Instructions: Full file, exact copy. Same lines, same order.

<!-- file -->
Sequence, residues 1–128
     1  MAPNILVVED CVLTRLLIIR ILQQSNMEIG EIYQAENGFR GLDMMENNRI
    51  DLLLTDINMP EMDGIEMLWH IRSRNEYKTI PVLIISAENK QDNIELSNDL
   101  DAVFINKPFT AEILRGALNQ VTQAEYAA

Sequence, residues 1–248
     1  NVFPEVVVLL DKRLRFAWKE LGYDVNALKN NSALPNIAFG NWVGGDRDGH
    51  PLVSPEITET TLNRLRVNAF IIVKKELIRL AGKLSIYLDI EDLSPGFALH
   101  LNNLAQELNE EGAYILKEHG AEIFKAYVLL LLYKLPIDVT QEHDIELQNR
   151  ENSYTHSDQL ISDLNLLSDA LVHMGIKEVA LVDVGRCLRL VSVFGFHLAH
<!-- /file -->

Sequence, residues 1–128
     1  MAPNILVVED CVLTRLLIIR ILQQSNMEIG EIYQAENGFR GLDMMENNRI
    51  DLLLTDINMP EMDGIEMLWH IRSRNEYKTI PVLIISAENK QDNIELSNDL
   101  DAVFINKPFT AEILRGALNQ VTQAEYAA

Sequence, residues 1–248
     1  NVFPEVVVLL DKRLRFAWKE LGYDVNALKN NSALPNIAFG NWVGGDRDGH
    51  PLVSPEITET TLNRLRVNAF IIVKKELIRL AGKLSIYLDI EDLSPGFALH
   101  LNNLAQELNE EGAYILKEHG AEIFKAYVLL LLYKLPIDVT QEHDIELQNR
   151  ENSYTHSDQL ISDLNLLSDA LVHMGIKEVA LVDVGRCLRL VSVFGFHLAH